Responses to High Temperatures
warming has a negative impact on the yield of many crops around the globe.
Currently the generation of varieties that can ensure a high and sustainable
production of food is important to secure the nutrition of the growing human
population. Our group aims to understand the fundamental cellular and
organismic process that are activated when plants are exposed to high
temperatures and reveal how they contribute to thermotolerance.
specifically address the following questions:
•How do plants respond to increased
temperatures and what are the key processes that lead to thermotolerance?
•Why some plant genotypes, organs, tissues
or even cell types within the plant body are more sensitive to heat stress
compared to others?
•How can we improve the resilience of
crops to high temperature and secure food production under more unfavourable
to induce defence mechanisms collectively called heat stress response to ensure
survival and recovery from stress. At the molecular level, thermotolerance is
mainly dependent on the maintenance of protein homeostasis which under stress
conditions is accomplished by the accumulation of molecular chaperones such as
many heat shock proteins (HSP). In addition to HSPs, hundreds other genes with
various functions are induced under high temperatures, leading to an extensive
cellular metabolic reprogramming.
in transcriptome profile are mainly mediated by members of the heat stress
transcription factor (Hsfs) gene family. Plants comprise a large number of
Hsf-coding genes (e.g. 27 in tomato). We have demonstrated the function of
three major Hsfs in tomato plant, namely HsfA1a, HsfA2 and HsfB1 in the onset
of heat stress response and recovery from stress, but also in acclimation
processes to high temperatures. We are currently characterizing additional
members with tissue- and/or temperature-specific functions.
addition, many Hsfs as well as other HS-regulated genes undergo alternative
splicing under high temperatures. Alternative splicing controls transcriptome
abundance and proteome diversity and therefore has a prominent role in
thermotolerance. Consequently, we aim to uncover temperature-sensitive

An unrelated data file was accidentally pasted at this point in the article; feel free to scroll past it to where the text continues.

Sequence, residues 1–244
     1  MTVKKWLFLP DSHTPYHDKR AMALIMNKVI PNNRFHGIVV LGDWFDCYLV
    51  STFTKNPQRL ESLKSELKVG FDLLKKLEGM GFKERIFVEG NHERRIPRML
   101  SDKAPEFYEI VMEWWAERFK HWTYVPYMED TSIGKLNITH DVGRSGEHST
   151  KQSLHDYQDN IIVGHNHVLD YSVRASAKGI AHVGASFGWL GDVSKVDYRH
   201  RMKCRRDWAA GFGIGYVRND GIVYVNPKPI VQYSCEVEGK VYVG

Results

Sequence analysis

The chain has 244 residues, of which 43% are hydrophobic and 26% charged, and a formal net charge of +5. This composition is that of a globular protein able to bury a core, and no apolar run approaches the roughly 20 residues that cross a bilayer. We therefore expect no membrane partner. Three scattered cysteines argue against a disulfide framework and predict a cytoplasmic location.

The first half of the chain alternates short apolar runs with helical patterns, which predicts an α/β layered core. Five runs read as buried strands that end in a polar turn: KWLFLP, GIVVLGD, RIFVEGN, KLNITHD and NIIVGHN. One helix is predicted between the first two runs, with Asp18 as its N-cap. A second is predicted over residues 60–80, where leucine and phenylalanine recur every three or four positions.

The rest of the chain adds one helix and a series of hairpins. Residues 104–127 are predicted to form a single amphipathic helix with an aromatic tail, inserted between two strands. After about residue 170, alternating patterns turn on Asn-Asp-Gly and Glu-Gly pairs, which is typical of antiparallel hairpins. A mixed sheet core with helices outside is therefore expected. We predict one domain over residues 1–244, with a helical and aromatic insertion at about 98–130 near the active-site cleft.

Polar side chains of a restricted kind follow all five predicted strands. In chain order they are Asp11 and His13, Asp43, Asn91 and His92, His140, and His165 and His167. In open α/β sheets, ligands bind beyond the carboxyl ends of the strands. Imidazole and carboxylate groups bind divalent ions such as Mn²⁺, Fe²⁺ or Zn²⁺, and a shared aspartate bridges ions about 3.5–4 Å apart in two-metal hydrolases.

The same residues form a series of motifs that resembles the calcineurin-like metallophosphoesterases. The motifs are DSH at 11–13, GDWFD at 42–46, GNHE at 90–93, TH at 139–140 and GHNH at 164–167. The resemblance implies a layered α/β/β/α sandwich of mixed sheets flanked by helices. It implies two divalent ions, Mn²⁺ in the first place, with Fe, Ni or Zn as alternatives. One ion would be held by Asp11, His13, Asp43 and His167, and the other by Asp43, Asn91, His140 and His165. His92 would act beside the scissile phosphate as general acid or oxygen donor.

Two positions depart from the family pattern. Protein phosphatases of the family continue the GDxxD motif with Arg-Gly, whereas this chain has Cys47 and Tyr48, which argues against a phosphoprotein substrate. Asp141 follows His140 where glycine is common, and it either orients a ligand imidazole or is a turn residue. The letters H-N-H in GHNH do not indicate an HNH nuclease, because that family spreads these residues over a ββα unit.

alternative splicing events that are related to thermotolerance and identify
key factors involved in this process.
reach our goals we engage various approaches using genetic, physiology,
molecular and cell biology tools, as well as genomic approaches.
representative publications of our group:Identification and Regulation of Tomato Serine/Arginine-Rich Proteins Under High Temperatures.
Rosenkranz RRE, Bachiri S, Vraggalas S, Keller M, Simm S, Schleiff E, Fragkostefanakis S. Front Plant Sci. 2021 Mar 29;12:645689. doi: 10.3389/fpls.2021.645689. PMID: 33854522; PMCID: PMC8039515.Natural variation in HsfA2 pre-mRNA splicing is associated with changes in thermotolerance during tomato domestication
Hu Y, Mesihovic A, Jiménez-Gómez JM, Röth S, Gebhardt P, Bublak D, Bovy A, Scharf KD, Schleiff E, Fragkostefanakis S. New Phytol. 2020 Feb;225(3):1297-1310. doi: 10.1111/nph.16221. Epub 2019 Nov 14. PMID: 31556121The repressor and co-activator HsfB1 regulates the major heat stress transcription factors in tomato.
Fragkostefanakis S, Simm S, El-Shershaby A, Hu Y, Bublak D, Mesihovic A, Darm K, Mishra SK, Tschiersch B, Theres K, Scharf C, Schleiff E, Scharf KD. Plant Cell Environ. 2019 Mar;42(3):874-890. doi: 10.1111/pce.13434. Epub 2018 Oct 11. PMID: 30187931Alternative splicing in tomato pollen in response to heat stress.
Keller M, Hu Y, Mesihovic A, Fragkostefanakis S, Schleiff E, Simm S. DNA Res. 2017 Apr 1;24(2):205-217. doi: 10.1093/dnares/dsw051. PMID: 28025318HsfA2 Controls the Activity of Developmentally and Stress-Regulated Heat Stress Protection Mechanisms in Tomato Male Reproductive Tissues.
Fragkostefanakis S, Mesihovic A, Simm S, Paupière MJ, Hu Y, Paul P, Mishra SK, Tschiersch B, Theres K, Bovy A, Schleiff E, Scharf KD. Plant Physiol. 2016 Apr;170(4):2461-77. doi: 10.1104/pp.15.01913. Epub 2016 Feb 25. PMID: 26917685